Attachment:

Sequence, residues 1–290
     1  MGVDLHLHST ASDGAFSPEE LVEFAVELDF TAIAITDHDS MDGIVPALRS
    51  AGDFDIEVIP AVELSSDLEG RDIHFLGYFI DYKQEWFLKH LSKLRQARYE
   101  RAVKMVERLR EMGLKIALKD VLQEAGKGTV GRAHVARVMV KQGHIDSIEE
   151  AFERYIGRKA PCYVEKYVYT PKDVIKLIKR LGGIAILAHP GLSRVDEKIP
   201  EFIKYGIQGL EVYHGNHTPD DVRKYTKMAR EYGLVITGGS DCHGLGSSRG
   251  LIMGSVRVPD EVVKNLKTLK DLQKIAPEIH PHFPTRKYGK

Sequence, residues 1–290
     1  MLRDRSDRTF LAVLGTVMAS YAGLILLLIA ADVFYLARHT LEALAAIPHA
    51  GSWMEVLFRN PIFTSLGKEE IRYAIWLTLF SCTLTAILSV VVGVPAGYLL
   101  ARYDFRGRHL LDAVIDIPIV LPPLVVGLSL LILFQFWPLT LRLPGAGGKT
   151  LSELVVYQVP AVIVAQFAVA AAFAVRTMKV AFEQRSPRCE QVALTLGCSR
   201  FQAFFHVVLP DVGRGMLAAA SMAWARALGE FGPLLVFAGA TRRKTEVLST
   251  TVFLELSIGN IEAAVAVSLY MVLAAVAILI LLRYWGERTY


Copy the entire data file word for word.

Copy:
Sequence, residues 1–290
     1  MGVDLHLHST ASDGAFSPEE LVEFAVELDF TAIAITDHDS MDGIVPALRS
    51  AGDFDIEVIP AVELSSDLEG RDIHFLGYFI DYKQEWFLKH LSKLRQARYE
   101  RAVKMVERLR EMGLKIALKD VLQEAGKGTV GRAHVARVMV KQGHIDSIEE
   151  AFERYIGRKA PCYVEKYVYT PKDVIKLIKR LGGIAILAHP GLSRVDEKIP
   201  EFIKYGIQGL EVYHGNHTPD DVRKYTKMAR EYGLVITGGS DCHGLGSSRG
   251  LIMGSVRVPD EVVKNLKTLK DLQKIAPEIH PHFPTRKYGK

Sequence, residues 1–290
     1  MLRDRSDRTF LAVLGTVMAS YAGLILLLIA ADVFYLARHT LEALAAIPHA
    51  GSWMEVLFRN PIFTSLGKEE IRYAIWLTLF SCTLTAILSV VVGVPAGYLL
   101  ARYDFRGRHL LDAVIDIPIV LPPLVVGLSL LILFQFWPLT LRLPGAGGKT
   151  LSELVVYQVP AVIVAQFAVA AAFAVRTMKV AFEQRSPRCE QVALTLGCSR
   201  FQAFFHVVLP DVGRGMLAAA SMAWARALGE FGPLLVFAGA TRRKTEVLST
   251  TVFLELSIGN IEAAVAVSLY MVLAAVAILI LLRYWGERTY